In The Irish Times article, correspondent Tim O’Brien reports increased interest in a review of current legislation concerning control of dogs. He cites Professor Ó Súilleabháin with the National University of Ireland at Galway (NUIG) who notes breed-specific legislation is falling out of favor in some areas of the United States as well as Europe. According to the professor, “This is because there is evidence to show that dog breed is not a factor in what caused dogs to attack.” Summarizing the professor’s remarks, O’Brien writes:

Dr Ó Súilleabháin said there was substantial peer-review research available that showed any type of dog could show aggression. The animal’s behaviour and training were closely connected with the behaviour of their owners.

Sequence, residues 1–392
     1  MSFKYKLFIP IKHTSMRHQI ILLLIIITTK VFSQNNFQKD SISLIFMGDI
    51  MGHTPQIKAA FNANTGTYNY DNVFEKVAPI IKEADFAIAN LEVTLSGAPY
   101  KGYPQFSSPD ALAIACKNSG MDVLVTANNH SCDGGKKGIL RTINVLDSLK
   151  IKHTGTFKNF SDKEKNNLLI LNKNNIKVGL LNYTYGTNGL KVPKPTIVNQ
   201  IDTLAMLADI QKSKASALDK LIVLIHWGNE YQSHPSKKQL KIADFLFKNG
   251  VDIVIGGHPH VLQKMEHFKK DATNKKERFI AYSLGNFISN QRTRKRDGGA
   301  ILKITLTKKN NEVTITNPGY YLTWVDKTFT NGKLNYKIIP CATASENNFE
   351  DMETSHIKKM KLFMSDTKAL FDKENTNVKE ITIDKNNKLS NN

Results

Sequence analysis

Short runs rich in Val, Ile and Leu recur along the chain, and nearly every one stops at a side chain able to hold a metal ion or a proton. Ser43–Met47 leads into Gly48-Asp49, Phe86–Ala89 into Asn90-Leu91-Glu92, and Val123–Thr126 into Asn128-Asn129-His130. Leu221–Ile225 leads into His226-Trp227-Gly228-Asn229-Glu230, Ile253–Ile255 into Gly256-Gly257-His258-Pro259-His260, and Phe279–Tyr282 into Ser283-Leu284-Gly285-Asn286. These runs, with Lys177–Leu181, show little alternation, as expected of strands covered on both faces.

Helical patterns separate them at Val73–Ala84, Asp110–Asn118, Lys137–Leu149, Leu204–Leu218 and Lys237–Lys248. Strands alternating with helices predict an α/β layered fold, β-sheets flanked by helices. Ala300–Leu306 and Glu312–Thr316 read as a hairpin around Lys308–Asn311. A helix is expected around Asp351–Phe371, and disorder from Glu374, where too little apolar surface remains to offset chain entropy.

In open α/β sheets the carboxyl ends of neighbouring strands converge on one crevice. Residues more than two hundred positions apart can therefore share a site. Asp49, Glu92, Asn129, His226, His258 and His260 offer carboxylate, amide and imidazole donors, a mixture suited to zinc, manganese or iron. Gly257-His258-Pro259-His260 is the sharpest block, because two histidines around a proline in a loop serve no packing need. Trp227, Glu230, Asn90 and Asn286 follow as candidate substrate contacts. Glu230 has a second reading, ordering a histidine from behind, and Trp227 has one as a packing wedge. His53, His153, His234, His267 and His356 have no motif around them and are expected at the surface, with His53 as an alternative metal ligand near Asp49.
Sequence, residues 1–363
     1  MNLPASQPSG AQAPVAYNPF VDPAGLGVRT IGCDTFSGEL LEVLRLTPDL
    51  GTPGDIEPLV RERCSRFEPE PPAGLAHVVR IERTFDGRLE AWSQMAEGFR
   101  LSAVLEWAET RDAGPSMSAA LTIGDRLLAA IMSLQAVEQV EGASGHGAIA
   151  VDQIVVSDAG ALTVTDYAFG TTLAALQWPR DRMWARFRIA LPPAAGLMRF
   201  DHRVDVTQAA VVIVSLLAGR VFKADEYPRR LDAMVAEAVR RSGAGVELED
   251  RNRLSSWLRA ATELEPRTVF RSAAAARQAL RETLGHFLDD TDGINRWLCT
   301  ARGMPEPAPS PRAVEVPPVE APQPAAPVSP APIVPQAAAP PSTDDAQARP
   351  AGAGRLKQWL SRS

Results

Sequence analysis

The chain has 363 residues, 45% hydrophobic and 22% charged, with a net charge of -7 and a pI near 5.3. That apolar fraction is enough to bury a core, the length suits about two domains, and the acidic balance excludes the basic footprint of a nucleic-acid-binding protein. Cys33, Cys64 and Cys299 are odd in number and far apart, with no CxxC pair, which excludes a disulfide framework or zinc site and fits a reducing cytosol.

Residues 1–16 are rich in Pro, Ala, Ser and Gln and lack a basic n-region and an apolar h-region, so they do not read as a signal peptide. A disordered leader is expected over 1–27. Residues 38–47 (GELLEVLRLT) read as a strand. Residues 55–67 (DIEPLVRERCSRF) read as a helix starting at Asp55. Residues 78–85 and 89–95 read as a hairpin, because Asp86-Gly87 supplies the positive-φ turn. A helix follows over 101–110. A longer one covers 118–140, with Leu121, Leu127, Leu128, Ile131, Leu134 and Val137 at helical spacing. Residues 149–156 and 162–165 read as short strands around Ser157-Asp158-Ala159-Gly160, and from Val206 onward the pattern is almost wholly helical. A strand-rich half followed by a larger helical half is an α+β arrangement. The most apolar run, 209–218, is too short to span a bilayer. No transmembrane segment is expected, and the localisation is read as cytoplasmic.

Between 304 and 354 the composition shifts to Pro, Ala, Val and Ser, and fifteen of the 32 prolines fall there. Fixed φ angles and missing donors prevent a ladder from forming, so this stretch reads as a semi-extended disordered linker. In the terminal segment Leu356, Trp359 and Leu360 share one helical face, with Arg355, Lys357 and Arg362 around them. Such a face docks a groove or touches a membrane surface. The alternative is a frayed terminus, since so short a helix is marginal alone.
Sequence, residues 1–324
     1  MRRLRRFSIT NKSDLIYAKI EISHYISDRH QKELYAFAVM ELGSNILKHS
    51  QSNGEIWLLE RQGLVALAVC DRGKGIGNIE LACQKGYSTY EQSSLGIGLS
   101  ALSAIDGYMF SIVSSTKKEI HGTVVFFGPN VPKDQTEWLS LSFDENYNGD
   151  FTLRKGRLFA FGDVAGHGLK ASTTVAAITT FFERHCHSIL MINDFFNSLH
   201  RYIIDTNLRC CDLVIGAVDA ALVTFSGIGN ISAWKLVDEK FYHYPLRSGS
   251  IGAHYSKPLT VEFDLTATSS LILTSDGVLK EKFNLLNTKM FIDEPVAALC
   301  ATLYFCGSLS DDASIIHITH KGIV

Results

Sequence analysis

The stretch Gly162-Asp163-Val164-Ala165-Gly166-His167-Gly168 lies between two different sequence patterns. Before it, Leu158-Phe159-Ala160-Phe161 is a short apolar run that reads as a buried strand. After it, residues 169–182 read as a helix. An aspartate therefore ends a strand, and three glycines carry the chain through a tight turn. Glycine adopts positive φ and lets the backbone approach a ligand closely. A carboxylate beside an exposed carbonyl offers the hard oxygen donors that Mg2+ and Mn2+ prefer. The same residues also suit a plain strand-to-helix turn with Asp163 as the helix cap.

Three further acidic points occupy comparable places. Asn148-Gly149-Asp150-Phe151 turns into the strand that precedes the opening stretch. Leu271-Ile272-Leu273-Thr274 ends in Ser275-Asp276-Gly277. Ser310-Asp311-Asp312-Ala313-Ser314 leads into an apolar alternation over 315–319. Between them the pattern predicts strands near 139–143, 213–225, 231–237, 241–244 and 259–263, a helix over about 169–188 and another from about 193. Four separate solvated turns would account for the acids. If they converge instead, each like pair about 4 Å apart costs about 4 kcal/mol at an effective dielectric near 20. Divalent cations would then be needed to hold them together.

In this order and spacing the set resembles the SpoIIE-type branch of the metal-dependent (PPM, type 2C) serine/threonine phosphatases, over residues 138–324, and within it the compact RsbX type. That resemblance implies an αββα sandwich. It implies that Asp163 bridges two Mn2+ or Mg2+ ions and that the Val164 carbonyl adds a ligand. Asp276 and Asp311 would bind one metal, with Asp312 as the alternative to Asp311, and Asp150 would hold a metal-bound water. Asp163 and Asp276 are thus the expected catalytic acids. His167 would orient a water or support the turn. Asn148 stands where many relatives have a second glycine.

However, he did not think a law requiring owner and dog training to be undertaken before a dog licence was issued was a good idea. Instead, he called for measures to create a community where dog owners would act responsibly and where those who did not educate themselves and train their dogs would be targeted by enforcement officers.

He said it should be possible for an individual to report a dog behaving aggressively, leading to a visit from a dog warden who could order the owner and animal to undertake education and training. The media had some responsibility in creating misguided calls for a ban on specific breeds, when a dog mauls someone, he added.